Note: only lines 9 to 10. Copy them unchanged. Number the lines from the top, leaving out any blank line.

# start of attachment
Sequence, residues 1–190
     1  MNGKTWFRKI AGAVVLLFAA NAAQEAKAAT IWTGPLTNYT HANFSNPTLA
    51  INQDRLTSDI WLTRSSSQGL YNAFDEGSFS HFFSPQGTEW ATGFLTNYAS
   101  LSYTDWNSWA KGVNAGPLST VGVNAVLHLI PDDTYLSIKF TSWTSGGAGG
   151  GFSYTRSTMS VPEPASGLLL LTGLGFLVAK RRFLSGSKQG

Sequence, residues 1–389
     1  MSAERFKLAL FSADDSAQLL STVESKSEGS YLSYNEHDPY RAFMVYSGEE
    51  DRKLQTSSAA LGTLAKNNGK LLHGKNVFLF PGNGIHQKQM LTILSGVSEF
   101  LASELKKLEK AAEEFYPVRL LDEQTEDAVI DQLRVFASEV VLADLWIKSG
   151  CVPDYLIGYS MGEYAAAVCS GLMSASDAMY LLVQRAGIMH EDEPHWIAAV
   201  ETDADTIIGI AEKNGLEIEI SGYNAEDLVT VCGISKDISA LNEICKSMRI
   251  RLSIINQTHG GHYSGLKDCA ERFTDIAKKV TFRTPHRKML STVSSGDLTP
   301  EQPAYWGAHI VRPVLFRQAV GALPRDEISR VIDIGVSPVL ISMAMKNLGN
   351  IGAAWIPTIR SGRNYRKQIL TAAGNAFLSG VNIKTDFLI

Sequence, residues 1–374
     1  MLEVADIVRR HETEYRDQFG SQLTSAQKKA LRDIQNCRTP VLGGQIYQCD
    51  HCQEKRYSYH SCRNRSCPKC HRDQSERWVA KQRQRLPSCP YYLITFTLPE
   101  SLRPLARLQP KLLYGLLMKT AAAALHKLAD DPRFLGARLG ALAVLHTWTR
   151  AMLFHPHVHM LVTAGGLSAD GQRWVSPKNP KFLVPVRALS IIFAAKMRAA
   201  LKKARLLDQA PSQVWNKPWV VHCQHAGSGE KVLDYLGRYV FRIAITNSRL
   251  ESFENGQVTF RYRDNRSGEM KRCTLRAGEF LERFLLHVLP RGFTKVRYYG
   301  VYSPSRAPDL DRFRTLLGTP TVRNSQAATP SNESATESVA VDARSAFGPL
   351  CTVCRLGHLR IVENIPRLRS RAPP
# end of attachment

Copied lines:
   101  LASELKKLEK AAEEFYPVRL LDEQTEDAVI DQLRVFASEV VLADLWIKSG
   151  CVPDYLIGYS MGEYAAAVCS GLMSASDAMY LLVQRAGIMH EDEPHWIAAV